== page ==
Sections

Queens high school students vie for Intel science award

Share on TwitterTweet
Share on Facebook
Subscribe

Get our stories in your inbox, free.

Like TimesLedger on Facebook.

Seven Queens students were named as semi-finalists in this year’s Intel Science Talent Search, one of the oldest and most prestigious science research competitions in the country.

Two of the students, Stephanie Jane Tuminello, 17, of Floral Park, and Manjinder Singh Kandola, 17, of Richmond Hill, are students at borough schools. Tuminello attends St. Francis Prep in Fresh Meadows while Kandola goes to Queens High School for the Sciences at York College.Tuminello conducted her research project on Sudden Infant Death Syndrome and found that parents who give their children formula were more likely to place their children in unsafe sleeping positions than parents who opt to breast-feed.

“I hope that because of this, parents who are more likely to formula feed will get more education about how to properly place their infants to sleep,” said Tuminello, who plans to continue to work in the sciences and do research in college.

The other five semifinalists from Queens are students at schools outside the borough. Cynthia Chen, 17, of Forest Hills, studies at The Brearley School in Manhattan and Flushing resident Soo Kyoung Joanna Kim, 18, and Douglaston resident Ho Chit Hosea Siu, 17, both attend the Bronx High School of Science. Hye-Eun Jeong, 17, of Flushing and Rego Park resident Yang Li, 17, go to Stuyvesant High School in Manhattan.

Intel alumni “have made extraordinary contributions to science and hold more than 100 of the world’s most coveted science and math honors, including seven Nobel Prizes and three National Medals of Science,” the Intel Foundation said on its Web site.

The Queens pupils were seven of 300 semifinalists to be chosen from a pool of about 1,700 applicants. Intel judges annually assess research projects covering a range of scientific and mathematical topics. Each semifinalist and his or her respective school receive a $1,000 award from the Intel Foundation.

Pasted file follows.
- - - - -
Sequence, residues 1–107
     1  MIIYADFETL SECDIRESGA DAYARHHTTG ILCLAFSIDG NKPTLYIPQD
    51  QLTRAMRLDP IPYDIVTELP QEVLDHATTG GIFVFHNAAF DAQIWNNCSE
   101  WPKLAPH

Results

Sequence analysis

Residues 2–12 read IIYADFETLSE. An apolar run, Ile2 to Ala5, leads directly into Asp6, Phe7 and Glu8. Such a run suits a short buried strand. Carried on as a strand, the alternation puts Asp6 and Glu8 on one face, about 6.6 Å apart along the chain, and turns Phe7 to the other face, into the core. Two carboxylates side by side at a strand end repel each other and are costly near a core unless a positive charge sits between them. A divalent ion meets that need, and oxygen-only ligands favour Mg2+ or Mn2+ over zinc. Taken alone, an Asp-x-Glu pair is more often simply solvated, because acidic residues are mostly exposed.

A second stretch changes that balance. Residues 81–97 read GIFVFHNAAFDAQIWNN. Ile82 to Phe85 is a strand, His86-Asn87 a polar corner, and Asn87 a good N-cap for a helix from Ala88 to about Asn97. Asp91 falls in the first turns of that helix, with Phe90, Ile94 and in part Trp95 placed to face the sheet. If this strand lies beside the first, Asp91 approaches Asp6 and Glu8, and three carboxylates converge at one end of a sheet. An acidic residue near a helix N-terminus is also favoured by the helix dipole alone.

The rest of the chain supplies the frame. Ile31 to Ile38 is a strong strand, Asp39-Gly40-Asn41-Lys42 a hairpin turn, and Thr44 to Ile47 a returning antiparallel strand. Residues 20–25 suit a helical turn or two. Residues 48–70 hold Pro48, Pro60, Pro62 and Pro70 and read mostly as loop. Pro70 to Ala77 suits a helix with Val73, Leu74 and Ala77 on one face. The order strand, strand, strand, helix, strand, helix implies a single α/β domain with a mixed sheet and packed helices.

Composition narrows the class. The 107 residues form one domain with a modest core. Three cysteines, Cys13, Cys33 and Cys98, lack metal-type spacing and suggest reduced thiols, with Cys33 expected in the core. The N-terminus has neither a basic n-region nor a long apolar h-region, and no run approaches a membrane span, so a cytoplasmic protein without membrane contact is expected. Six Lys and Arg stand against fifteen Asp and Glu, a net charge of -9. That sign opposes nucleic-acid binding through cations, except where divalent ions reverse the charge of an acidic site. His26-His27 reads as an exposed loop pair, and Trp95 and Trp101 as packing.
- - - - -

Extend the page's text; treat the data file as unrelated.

Intel officials will choose 40 of the 300 students to be finalists, who would then travel to Washington, D.C., in March to compete for the top award of $100,000.

A dozen Queens students last year were named as semifinalists. The students had completed research projects on a wide variety of topics, including cancer research and obesity.

Reach reporter Anna Gustafson by e-mail at agustafson@cnglocal.com or by phone at 718-229-0300, Ext. 174.

Today’s news:
Share on TwitterTweet
Share on Facebook
Subscribe

Get our stories in your inbox, free.

Like TimesLedger on Facebook.

Reader Feedback

Enter your comment below

By submitting this comment, you agree to the following terms:

You agree that you, and not TimesLedger.com or its affiliates, are fully responsible for the content that you post. You agree not to post any abusive, obscene, vulgar, slanderous, hateful, threatening or sexually-oriented material or any material that may violate applicable law; doing so may lead to the removal of your post and to your being permanently banned from posting to the site. You grant to TimesLedger.com the royalty-free, irrevocable, perpetual and fully sublicensable license to use, reproduce, modify, adapt, publish, translate, create derivative works from, distribute, perform and display such content in whole or in part world-wide and to incorporate it in other works in any form, media or technology now known or later developed.

This week’s featured advertisers

CNG: Community Newspaper Group